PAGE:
In the Company of Red-Tail Angels
A new history celebrates the World War II achievements of the Tuskegee Airmen
by Chris Scott
For most Americans, the words “Tuskegee Airmen” immediately conjure images of brave black fighter pilots in leather jackets struggling against racism at home and Nazis in Europe. Although generally correct, the image is an incomplete picture of one of the most remarkable stories of both World War II and the civil-rights movement. It is, in some ways, an exaggerated view of a highly decorated, though humanly imperfect unit. In their book, The Tuskegee Airmen: An Illustrated History, historians Joseph Caver, Jerome Ennels, and Daniel Haulman detail the history of the Tuskegee Airmen using photos and a never-before-compiled chronology of the training, deployment, and combat engagements of these celebrated aviation pioneers.
First, the debunking of a myth: the Tuskegee Airmen did, despite claims to the contrary, lose bombers they were escorting into enemy territory. In fact, enemy fire destroyed over twenty-five bombers under their protection. But the number of bombers lost by the 332nd Fighter Group was, according to these historians, “significantly less than the average number of bombers lost by the six other fighter escort groups of the Fifteenth Air Force.” This accomplishment, combined with the red paint on the tails of their planes, earned the 332nd the nickname “Red-Tail Angels” from grateful bomber crews. Among their finer moments, on March 24, 1945, an escort of Red-Tails succeeded in shooting down three Me-262 jet fighters, one of Germany’s “secret” weapons, a plane much faster than their P-51s. With such feats, the men of the 332nd undeniably dispelled the myth that black men weren’t as good at flying as their white compatriots.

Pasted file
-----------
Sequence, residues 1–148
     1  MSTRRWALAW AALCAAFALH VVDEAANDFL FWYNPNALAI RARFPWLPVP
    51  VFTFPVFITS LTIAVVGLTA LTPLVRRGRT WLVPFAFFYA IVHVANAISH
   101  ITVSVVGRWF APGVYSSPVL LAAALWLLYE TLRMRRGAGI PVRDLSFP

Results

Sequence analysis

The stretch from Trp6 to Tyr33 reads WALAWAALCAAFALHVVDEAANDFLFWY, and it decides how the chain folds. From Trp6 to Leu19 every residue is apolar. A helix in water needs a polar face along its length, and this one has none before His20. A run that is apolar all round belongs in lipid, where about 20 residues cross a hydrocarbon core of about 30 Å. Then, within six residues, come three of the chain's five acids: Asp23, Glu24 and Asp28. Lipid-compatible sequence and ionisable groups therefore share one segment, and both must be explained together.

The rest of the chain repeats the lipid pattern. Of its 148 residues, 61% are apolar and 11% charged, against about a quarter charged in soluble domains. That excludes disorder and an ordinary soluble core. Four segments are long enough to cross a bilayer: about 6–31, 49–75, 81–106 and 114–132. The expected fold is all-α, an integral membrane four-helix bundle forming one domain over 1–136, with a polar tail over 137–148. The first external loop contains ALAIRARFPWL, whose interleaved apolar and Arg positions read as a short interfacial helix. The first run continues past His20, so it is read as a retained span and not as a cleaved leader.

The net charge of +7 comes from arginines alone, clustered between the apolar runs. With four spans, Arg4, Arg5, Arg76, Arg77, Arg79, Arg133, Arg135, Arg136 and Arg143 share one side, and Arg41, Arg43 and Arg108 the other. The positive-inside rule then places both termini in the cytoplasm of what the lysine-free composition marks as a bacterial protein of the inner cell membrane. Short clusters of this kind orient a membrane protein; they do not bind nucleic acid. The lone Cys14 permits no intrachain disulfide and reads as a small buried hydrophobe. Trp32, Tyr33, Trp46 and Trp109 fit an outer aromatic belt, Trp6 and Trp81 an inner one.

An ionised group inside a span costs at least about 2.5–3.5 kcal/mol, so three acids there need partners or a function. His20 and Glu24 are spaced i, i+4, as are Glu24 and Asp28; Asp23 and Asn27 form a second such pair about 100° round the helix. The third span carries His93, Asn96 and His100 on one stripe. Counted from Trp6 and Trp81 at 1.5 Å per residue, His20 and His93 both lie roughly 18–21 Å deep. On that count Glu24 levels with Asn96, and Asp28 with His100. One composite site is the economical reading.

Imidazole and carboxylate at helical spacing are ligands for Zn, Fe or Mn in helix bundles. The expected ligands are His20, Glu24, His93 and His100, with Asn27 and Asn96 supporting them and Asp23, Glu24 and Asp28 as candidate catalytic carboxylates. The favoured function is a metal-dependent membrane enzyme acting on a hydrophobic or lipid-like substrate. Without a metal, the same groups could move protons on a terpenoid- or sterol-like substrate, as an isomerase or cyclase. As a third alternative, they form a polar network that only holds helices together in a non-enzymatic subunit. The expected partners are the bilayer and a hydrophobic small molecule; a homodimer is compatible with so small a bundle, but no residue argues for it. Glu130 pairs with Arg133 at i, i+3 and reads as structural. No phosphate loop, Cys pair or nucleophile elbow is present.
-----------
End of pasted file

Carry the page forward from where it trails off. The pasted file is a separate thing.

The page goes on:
Arising from the Civilian Pilot Training Program, begun by the United States in 1939 to create a cadre of qualified pilots in the event of war, the Tuskegee Airmen ultimately numbered 14,600 men, including 992 pilots. Their training began at the Tuskegee Institute but eventually encompassed over a dozen airfields around the country, some of which maintained segregated officers’ clubs and mess halls despite War Department policy. The common perception of the Tuskegee Airman as a fighter pilot is misleading – the name applies equally to the thousands of ground crewmen who kept the planes in the air. There were even four bomber squadrons, all of which were activated too late in the war to see combat. Today, veterans of the group have chapters in fifty cities, including Memphis.
The Tuskegee Airmen: An Illustrated History is not a narrative but an illustrated unit history, dominated by photos and captions and supported by a comprehensive chronology of events from 1939 to deactivation in 1949. The dozens of photos capture the men in training, in their off hours, and in their combat deployments to North Africa and Italy. It also documents the legacy of the Tuskegee Airmen, a group, the authors note, that has “become part of the American cultural landscape.” They are men who earned their wings and a permanent place in the hearts of their countrymen.
Published Wednesday, 15 June 2011